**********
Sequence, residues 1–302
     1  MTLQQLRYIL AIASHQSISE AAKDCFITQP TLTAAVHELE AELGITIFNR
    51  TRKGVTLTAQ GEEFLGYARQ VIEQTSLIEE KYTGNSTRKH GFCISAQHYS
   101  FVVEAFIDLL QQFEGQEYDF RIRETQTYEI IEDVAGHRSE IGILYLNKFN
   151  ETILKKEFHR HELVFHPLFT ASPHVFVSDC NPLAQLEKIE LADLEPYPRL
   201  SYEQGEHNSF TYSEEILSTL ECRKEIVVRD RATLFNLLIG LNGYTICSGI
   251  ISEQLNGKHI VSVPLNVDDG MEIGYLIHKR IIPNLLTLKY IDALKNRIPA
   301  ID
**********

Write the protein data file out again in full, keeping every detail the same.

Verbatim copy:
Sequence, residues 1–302
     1  MTLQQLRYIL AIASHQSISE AAKDCFITQP TLTAAVHELE AELGITIFNR
    51  TRKGVTLTAQ GEEFLGYARQ VIEQTSLIEE KYTGNSTRKH GFCISAQHYS
   101  FVVEAFIDLL QQFEGQEYDF RIRETQTYEI IEDVAGHRSE IGILYLNKFN
   151  ETILKKEFHR HELVFHPLFT ASPHVFVSDC NPLAQLEKIE LADLEPYPRL
   201  SYEQGEHNSF TYSEEILSTL ECRKEIVVRD RATLFNLLIG LNGYTICSGI
   251  ISEQLNGKHI VSVPLNVDDG MEIGYLIHKR IIPNLLTLKY IDALKNRIPA
   301  ID